Culture in Nazi Germany
The painting “Farm Family from Kahlenberg”, by Adolf Wissel displayed here, epitomizes one of the primary themes and driving forces behind the concept of “art” that Hitler and the Nazis aggressively sought to promote, to the detriment of all forms of artistic output in Nazi Germany. It represents a hyper-real-life, hyper-idealized version of a perfect “Aryan” family; devout white, blond, farmers sitting at the table with a view of the “sacred earth”, the family farm plot behind them. The modernism and avant-garde experimentation of the Weimar period, was now forbidden – a thing of the past.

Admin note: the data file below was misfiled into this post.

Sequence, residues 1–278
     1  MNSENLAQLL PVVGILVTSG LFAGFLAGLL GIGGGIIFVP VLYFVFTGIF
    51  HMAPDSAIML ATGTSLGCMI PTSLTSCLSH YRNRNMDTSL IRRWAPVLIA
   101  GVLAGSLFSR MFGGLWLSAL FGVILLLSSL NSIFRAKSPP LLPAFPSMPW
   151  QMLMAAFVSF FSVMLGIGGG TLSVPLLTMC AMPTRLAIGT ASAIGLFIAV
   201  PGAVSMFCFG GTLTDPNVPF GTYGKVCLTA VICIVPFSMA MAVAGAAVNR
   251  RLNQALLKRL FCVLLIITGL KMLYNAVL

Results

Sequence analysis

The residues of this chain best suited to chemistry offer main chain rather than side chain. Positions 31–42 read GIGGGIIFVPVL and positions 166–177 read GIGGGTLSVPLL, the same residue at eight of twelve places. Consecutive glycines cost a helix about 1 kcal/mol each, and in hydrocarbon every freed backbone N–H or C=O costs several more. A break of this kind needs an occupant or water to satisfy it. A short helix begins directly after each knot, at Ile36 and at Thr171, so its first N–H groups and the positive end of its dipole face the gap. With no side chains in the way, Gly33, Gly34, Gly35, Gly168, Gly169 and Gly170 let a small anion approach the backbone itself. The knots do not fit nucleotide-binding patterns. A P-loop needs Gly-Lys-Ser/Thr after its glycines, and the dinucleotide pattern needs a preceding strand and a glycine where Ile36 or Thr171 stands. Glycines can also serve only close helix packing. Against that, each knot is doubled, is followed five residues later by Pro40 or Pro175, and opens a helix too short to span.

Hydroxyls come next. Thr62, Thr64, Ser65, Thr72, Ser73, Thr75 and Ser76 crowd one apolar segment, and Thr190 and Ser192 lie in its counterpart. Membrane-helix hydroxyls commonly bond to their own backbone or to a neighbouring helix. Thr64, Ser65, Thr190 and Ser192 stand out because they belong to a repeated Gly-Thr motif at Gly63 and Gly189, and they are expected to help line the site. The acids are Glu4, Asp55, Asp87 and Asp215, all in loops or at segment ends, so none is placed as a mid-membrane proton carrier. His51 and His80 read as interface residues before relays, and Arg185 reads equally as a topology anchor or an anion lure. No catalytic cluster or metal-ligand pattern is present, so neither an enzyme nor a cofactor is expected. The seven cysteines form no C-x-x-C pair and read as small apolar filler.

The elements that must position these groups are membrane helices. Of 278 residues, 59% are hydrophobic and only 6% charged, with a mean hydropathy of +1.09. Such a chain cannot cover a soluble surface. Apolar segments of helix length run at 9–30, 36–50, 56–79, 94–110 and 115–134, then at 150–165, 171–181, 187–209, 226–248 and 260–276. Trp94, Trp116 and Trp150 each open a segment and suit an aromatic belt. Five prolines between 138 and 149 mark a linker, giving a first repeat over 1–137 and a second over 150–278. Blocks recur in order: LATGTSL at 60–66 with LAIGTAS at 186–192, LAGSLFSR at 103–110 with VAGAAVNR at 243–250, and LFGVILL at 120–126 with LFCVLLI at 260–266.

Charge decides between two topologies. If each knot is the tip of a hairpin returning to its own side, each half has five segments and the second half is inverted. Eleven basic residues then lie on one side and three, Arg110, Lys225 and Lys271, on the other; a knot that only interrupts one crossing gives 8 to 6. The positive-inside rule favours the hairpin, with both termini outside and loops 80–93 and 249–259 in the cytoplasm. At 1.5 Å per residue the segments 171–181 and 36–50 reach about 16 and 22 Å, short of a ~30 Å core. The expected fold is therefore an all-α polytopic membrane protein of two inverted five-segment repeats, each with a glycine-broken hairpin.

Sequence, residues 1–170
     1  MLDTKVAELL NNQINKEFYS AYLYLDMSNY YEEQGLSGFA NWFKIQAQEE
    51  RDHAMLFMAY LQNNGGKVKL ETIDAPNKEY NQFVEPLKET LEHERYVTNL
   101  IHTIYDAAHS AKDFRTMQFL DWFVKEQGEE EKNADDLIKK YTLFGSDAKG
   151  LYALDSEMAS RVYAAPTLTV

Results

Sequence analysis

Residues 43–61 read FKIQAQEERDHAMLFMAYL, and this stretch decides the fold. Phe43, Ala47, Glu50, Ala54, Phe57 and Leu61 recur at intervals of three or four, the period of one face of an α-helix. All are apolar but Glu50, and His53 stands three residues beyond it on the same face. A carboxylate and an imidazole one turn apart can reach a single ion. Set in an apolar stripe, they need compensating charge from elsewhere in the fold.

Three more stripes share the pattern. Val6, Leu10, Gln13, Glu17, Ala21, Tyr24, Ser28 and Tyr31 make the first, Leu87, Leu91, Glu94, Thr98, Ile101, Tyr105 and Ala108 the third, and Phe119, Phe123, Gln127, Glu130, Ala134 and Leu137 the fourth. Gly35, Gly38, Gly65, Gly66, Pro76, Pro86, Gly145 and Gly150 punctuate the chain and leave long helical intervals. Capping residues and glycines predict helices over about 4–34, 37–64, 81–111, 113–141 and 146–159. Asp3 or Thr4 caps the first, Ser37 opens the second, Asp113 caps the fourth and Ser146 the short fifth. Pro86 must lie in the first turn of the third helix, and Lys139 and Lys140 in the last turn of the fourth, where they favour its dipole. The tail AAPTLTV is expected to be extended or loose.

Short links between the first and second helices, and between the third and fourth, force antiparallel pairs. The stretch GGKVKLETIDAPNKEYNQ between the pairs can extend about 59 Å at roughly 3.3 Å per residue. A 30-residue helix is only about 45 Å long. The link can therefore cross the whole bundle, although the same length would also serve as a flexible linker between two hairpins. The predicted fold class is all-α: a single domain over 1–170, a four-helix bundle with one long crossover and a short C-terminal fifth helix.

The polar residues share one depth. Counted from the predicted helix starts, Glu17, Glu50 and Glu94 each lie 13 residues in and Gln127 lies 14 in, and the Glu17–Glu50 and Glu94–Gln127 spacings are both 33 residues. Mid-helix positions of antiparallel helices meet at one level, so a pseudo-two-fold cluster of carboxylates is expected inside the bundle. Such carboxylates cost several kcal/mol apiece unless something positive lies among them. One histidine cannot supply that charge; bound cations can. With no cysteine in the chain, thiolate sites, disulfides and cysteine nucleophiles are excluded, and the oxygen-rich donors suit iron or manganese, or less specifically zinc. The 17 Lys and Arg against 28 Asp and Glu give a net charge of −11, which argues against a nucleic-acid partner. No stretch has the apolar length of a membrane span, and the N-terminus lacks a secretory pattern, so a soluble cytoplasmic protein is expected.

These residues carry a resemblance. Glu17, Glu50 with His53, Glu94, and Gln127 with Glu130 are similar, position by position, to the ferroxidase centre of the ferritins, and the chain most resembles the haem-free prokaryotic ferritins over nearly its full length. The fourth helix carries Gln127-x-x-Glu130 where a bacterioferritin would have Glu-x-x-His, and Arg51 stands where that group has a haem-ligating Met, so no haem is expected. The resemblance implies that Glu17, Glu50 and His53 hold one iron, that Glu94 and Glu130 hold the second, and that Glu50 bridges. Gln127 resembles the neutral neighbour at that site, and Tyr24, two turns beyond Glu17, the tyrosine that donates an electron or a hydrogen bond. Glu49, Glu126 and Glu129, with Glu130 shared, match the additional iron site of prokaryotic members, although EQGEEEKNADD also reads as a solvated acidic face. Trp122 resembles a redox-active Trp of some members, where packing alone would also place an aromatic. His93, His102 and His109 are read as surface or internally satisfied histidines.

This was part and parcel of the broader goal of the “Nazification” of Germany, in influencing all aspects of life. Adolf Hitler and his men were now the ultimate arbiters of what constituted acceptable artistic expression. This same provincialism and lack of imagination was vigorously imposed on all other forms of cultural production, such as music, literature and architecture, as well.